"Our bats have been singing," said Manager Dick Williams of the Padres (3-3). Pitcher Tim Lollar had one of the most melodious sticks, slugging his second home run of the season while shutting out New York 6-0. For the season Lollar had six hits in 12 at bats, was 2-0 and had a 2.27 ERA. Five innings of shutout relief by Eric Show made him an 8-5 victor over the Mets, and a carbon copy performance by Luis DeLeon enabled him to gain a 9-6 triumph over the Phils. San Diego's relief corps, the youngest and least experienced in the majors, had a 7-1 record, seven saves and a l.44 ERA for the year.

Young pitchers buoyed the Giants (5-2), too. "I know people are saying that maybe this is the first time in major league history that an established team has changed its entire rotation, but we hope it works," Manager Frank Robinson said. Last week it worked as San Francisco, which had traded away 1981 starters Doyle Alexander, Vida Blue, Alan Ripley and Ed Whitson, moved up from sixth to fourth. Three members of the revamped staff won: Bill Laskey, 24, defeated Montreal 7-0 on three hits; Alan Fowlkes, 23, beat the Expos 7-3; and Atlee Hammaker, 24, knocked off the Mets 6-3. And a three-run, last-of-the-ninth pinch homer by Reggie Smith jarred New York 5-4. Greg Minton preserved a 4-3 Sunday triumph over the Mets despite giving up his first home run in 269‚Öì innings since September 1978, a drive by John Stearns.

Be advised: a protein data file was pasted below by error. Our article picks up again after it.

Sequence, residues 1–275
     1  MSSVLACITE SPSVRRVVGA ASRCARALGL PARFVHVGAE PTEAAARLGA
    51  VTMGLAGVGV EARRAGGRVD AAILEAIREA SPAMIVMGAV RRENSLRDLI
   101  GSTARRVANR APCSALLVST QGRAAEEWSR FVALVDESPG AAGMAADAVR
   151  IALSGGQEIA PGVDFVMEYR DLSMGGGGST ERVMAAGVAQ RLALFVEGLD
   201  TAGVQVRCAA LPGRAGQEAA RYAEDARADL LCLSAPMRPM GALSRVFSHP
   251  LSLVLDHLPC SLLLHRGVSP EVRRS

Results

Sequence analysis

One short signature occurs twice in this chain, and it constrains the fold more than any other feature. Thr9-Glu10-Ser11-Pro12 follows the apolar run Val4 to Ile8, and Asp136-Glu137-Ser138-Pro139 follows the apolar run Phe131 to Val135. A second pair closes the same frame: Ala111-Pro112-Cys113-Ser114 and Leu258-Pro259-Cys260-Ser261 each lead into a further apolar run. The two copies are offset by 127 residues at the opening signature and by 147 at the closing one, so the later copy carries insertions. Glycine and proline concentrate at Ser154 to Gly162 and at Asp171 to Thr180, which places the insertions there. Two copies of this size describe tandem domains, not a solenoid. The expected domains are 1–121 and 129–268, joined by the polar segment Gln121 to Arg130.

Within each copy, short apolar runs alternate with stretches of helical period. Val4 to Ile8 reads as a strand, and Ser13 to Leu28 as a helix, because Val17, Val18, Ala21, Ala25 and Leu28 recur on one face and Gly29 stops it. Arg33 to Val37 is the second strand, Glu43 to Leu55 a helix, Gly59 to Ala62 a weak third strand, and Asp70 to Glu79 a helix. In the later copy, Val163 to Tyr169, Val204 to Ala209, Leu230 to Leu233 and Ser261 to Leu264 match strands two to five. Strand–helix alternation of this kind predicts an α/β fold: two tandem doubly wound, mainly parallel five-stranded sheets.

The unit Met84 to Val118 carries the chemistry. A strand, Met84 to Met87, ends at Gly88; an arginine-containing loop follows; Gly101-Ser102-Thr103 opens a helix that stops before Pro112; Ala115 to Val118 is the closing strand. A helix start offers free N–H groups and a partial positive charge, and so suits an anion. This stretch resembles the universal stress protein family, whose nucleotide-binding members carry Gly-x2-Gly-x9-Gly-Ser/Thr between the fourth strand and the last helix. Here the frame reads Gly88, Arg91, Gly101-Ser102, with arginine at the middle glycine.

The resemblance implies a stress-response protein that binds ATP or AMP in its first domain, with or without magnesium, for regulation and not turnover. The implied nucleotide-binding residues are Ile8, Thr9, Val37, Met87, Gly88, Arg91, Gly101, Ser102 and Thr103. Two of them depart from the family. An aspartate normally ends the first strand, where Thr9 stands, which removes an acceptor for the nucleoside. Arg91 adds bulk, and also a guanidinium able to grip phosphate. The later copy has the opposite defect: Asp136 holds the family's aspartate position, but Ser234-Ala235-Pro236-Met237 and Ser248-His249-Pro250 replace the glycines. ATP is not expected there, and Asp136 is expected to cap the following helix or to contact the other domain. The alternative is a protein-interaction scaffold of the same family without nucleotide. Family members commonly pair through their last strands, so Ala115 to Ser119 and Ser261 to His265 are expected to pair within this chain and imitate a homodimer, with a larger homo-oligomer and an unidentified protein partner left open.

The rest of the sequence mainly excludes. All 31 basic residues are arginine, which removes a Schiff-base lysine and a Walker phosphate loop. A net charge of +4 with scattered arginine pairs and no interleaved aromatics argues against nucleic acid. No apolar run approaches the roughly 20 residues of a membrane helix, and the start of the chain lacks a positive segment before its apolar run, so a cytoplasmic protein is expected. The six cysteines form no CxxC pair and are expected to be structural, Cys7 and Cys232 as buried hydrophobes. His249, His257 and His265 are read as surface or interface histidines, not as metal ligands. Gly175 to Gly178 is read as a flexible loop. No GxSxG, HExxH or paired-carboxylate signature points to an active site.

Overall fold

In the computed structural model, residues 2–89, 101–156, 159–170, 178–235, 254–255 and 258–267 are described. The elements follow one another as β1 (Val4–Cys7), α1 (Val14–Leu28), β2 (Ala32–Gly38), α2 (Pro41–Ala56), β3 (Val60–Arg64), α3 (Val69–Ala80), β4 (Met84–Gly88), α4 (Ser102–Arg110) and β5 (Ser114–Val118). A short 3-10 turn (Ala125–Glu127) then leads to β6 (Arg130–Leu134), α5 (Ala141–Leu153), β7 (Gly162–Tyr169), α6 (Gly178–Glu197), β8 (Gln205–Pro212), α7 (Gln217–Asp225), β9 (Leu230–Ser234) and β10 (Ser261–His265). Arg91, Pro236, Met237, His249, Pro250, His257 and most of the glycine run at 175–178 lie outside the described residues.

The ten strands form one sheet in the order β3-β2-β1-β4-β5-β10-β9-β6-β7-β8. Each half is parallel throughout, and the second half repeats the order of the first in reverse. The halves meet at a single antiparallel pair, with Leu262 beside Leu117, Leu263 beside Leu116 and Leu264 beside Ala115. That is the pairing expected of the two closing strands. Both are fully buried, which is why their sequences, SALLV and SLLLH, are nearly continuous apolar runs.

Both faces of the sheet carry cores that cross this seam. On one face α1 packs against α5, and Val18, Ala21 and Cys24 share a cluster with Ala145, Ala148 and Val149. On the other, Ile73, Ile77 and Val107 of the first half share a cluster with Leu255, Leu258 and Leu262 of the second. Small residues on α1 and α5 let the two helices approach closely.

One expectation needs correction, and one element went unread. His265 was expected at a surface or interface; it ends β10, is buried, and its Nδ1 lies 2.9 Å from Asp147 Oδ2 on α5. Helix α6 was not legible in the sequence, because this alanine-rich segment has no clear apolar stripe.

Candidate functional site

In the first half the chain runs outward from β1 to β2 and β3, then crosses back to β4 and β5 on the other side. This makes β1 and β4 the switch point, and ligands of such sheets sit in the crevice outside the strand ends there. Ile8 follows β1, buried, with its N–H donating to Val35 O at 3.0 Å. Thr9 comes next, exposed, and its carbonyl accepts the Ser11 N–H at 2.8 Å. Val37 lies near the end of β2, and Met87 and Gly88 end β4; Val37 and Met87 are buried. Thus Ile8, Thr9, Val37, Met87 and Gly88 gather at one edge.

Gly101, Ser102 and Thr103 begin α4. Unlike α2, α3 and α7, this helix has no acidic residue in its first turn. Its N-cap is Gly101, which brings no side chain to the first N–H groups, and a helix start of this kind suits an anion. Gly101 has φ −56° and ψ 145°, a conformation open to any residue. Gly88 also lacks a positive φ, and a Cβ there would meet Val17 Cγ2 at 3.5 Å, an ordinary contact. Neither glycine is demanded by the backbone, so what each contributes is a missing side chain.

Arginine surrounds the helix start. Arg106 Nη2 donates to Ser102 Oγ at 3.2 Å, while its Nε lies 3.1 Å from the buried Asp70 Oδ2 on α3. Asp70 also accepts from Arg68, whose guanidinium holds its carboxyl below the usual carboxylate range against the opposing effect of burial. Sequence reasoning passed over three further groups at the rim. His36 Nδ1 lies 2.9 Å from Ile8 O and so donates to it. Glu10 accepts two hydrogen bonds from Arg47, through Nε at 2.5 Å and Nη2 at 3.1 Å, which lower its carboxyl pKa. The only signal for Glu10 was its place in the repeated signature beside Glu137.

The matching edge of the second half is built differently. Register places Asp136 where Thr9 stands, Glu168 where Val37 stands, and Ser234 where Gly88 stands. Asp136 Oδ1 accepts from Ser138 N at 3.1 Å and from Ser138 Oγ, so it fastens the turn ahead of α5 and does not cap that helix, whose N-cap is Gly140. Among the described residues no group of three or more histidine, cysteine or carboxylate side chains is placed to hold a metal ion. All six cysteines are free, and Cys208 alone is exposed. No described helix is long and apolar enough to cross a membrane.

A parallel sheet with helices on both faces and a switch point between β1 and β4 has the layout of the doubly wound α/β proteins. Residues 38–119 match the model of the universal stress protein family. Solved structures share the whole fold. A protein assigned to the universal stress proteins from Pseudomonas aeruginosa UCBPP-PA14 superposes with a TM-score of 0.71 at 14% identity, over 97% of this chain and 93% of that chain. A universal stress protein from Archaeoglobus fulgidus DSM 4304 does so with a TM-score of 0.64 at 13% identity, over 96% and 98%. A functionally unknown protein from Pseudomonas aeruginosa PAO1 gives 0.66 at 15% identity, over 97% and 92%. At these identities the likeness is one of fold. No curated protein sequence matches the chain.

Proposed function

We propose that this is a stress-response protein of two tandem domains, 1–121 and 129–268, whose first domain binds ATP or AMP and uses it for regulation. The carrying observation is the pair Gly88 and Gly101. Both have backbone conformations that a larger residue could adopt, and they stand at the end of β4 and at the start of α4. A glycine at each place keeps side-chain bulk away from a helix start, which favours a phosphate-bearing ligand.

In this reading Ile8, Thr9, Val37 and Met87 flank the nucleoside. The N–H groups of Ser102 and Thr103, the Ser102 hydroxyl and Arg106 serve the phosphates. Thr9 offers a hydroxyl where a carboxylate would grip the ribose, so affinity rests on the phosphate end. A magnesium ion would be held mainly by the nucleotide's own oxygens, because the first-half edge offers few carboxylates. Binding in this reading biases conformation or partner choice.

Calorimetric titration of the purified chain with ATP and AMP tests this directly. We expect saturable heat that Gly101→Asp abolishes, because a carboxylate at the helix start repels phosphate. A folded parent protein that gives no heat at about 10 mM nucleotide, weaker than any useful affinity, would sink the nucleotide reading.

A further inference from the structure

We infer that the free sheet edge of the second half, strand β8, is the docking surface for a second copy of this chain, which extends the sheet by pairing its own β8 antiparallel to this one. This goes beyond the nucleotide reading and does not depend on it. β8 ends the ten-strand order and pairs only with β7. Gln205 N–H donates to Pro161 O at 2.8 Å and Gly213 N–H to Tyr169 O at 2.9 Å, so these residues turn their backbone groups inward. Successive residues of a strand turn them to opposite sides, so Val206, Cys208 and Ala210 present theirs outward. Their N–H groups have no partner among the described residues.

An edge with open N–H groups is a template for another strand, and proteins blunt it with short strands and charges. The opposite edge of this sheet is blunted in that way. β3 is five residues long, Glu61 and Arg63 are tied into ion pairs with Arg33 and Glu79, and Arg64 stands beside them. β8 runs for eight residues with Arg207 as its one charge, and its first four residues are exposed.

Jerry Reuss of the Dodgers (3-3) won twice. The first victory was his second shutout in a row, 3-0 over the Phillies. He owed his other win, 2-1 over Montreal, to Jorge Orta, who hit a two-run pinch homer in the seventh. One hit was all Burt Hooton allowed while shutting out Philly 4-0.

Dave Concepcion highlighted the Cincinnati (4-2) attack by going on a .455 tear. But the biggest blow was a grand slam by Dan Driessen that helped Mario Soto coast past the Cardinals 10-1.

All bad things must come to an end, or at least they did for the Astros (5-2). Nolan Ryan chalked up his first two victories. Jose Cruz hit his first three homers. Tony Scott broke out of the batting doldrums with a .520 week. And, after a loss in Pittsburgh dropped Houston's record there to 30-108, Don Sutton beat the Pirates 4-3 and Ryan defeated them 6-3.

ATL 17-6 SD 14-7 LA 11-12 SF 11-12 CIN 10-12 HOUS 11-14

AL EAST

Whenever Ted Williams speaks, batters listen up. Rookie Wade Boggs of the Red Sox (6-1) sought advice from Williams, who was on hand for an oldtimers' game, and was told, "Don't worry and don't chase bad pitches. Hit the ball where it's pitched. And wait for your pitch." Though Williams didn't follow his own advice, going 0 for 2, Boggs singled in the 12th and scored the run that defeated Texas 6-5. That gave Boston an 8-3 record in one-run games. The Sox, whose eight-game winning streak helped them equal the club record of 13 April victories, had an easy time of it only when Chuck Rainey beat the White Sox 5-0, when Mike Torrez held the Rangers to four hits as he won 7-1 and when Dennis Eckersley blanked Texas 6-0.